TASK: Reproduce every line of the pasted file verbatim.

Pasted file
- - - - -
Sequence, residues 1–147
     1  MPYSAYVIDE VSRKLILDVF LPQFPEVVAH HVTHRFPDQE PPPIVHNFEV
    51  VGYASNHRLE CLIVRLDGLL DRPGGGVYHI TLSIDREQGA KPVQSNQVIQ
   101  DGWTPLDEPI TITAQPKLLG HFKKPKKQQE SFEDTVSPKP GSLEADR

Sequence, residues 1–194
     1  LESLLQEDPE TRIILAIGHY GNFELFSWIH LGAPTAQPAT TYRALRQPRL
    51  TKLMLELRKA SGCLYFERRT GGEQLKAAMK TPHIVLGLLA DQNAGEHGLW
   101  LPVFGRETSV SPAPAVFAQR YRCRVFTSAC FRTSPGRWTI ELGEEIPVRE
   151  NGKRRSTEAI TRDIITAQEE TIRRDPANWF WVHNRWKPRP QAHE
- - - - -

Sequence, residues 1–147
     1  MPYSAYVIDE VSRKLILDVF LPQFPEVVAH HVTHRFPDQE PPPIVHNFEV
    51  VGYASNHRLE CLIVRLDGLL DRPGGGVYHI TLSIDREQGA KPVQSNQVIQ
   101  DGWTPLDEPI TITAQPKLLG HFKKPKKQQE SFEDTVSPKP GSLEADR

Sequence, residues 1–194
     1  LESLLQEDPE TRIILAIGHY GNFELFSWIH LGAPTAQPAT TYRALRQPRL
    51  TKLMLELRKA SGCLYFERRT GGEQLKAAMK TPHIVLGLLA DQNAGEHGLW
   101  LPVFGRETSV SPAPAVFAQR YRCRVFTSAC FRTSPGRWTI ELGEEIPVRE
   151  NGKRRSTEAI TRDIITAQEE TIRRDPANWF WVHNRWKPRP QAHE